By: Ruthie Ackerman
Photo on Flickr by woody1778a
Every month when I do my roundups of what happened on the Ceasefire blog that month I think to myself, “It can’t get much better than this!” And it always does.
October has proven to be our best month yet (so far). We have hit a new record with the sheer number of blog posts we have published on the site and we are being inundated with requests from bloggers to blog for us. This proves that Liberians want to interact more in the blogosphere and just needed a space to do so collectively. Many of our bloggers are now on Facebook as well so the social media contagion is really catching on.
I have also been reading a lot about the trend (which I hope is here to stay) in hyperlocal news. Rachel Sterne’s GroundReport is a great example of the possibilities in this arena. I hope that the funding world catches on so that more blogs like ours pop up around the world. I’m also glad to see that geniuses like David Cohn are thinking up potentially sustainable business models in this realm. We need more of that.
On the good news front: Saki Golafale, one of our star bloggers, led the youth of Wood Camp (in the Paynesville section of Monrovia) in a day of climate action. We are so proud of his committment and are even more proud to let our readers know that his hard work paid off: Saki was recognized by the blog 350.org. In other Saki news, Saki created this amazing photo essay documenting the Red Light Market in Paynesville, Monrovia and wrote an especially breathtaking story on Spencer and Massa, two young Liberians with very different after school lives.
In more good news, which you will hear more about as it develops, is that two different television shows have asked to do small segments on the Ceasefire Liberia project. I will be sure to keep you updated as that progresses.
And the icing on the cake is that Ceasefire Liberia is teaming up with The Niapele Project and New Liberian to do even more work around media justice and citizen journalism in Liberia. An exciting component of this partnership is that Ceasefire Liberia and New Liberian have agreed to cross-post each other’s articles so that our readers can benefit from double the reading pleasure. While Ceasefire Liberia has had fewer posts from the Liberian diaspora, New Liberian has had the opposite challenge: finding consistent bloggers in Liberia. By working together we can bridge those challenges and provide better content for our readers. A little about New Liberian: New Liberian is run by the infamous Semantics King Jr., who started The Vision, a newspaper created by Semantics and fellow journalist Jos Garneo Cephas in 2004 while they were living in Buduburam Refugee Camp in Ghana. He eventually received asylum to live in the United States and since has started New Liberian, which recently received 501(c)3 status with the help of The Niapele Project and David Maas, an amazing journalist in his own right.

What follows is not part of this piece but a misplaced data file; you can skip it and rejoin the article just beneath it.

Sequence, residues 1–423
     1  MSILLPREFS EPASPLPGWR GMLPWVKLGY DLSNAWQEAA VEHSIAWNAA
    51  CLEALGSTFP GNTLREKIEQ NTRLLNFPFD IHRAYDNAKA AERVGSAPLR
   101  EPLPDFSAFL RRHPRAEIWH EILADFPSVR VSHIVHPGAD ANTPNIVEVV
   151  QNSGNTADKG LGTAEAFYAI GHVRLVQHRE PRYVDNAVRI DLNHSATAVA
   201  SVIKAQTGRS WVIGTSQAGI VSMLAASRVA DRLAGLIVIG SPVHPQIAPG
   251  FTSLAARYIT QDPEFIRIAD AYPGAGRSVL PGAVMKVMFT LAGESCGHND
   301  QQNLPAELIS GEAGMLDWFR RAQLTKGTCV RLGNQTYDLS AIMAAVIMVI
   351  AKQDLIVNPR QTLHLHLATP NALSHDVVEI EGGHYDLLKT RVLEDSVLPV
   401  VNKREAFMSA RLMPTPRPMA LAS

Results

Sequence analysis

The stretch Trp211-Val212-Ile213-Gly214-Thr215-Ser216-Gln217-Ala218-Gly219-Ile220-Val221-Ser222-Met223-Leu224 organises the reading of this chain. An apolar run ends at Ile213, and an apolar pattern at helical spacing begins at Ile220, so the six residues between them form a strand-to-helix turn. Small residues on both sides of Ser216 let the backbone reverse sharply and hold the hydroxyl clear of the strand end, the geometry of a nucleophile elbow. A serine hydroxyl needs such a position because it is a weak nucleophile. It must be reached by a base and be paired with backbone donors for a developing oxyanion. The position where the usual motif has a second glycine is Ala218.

And I’ll leave you with a quick roundup of news across the Liberian blogosphere (but mostly from our very own Ceasefireblog!): I am most proud of our coverage of the Guinean Massacre this month and what it will mean for Liberia and the West African region. Three of our bloggers wrote about Guinea: Saliho Donzo, Boima J.V. Boima, who took the interesting perspective of how the instability is affecting Liberian businesses, and one anonymous blogger. Another big story was that Firestone was found guilty of pollution at its rubber plantation in Liberia, a story that we even beat the BBC to covering. Boima J.V. Boima wrote a great story about the rift between Liberians over support for Charles Julu, a former general for Samuel Doe who has been accused of numerous murders including burying children alive in wells. Boima also covered the story of Nicholas Buigar, the Liberian who won first runnerup on MTN’s Project Fame West Africa. Saliho Donzo covered the Obama/Nobel Peace Prize controversy, our Monrovia blog manager, Nat Nyuan-Bayjay, covered the plight of Guthrie’s school teachers, Wellington Railey wrote about Liberia’s upcoming presidential elections, and from the diaspora Wynfred Russell wrote about the lack of visionary leadership in Minnesota and Stephen Johnson got a lot of attention for his piece about Liberian youth. There were many more stories, but you’ll have to discover them for yourself by taking a peek around the site!
New Liberian blogger Laura A. Young covered “A House with Two Rooms,” the final report of Liberia’s TRC Diaspora project; Bill Jarkloh covered the Liberty Party’s Darius Dillon’s primary win; Dennis Jah writes about fragmentation among Liberian organizations; Dennis also started a Ning site, called The Liberian Way, which has many blog posts and allows Liberians to connect (way to go Dennis!); Stanford Peabody, the publisher of The Bush Chicken, left for Monrovia and is taking requests for questions readers wants answered or photos you want taken so take part in this interactive news-gathering process; Cafe L.I.B, another blog/Ning site where Liberians can connect, has a very interesting series by Kimmie Weeks of Youth Action International in Liberia, who left the comfort and stability of the US to start his charitable foundation. Another story on Cafe LIB is about Obama’s praise for President Sirleaf for leading a discussion on job creating at the UN and for her leadership and concern about the violence in Guinea.
Please visit us at www.ceasefireliberia.com and leave comments. We’d love to hear from you!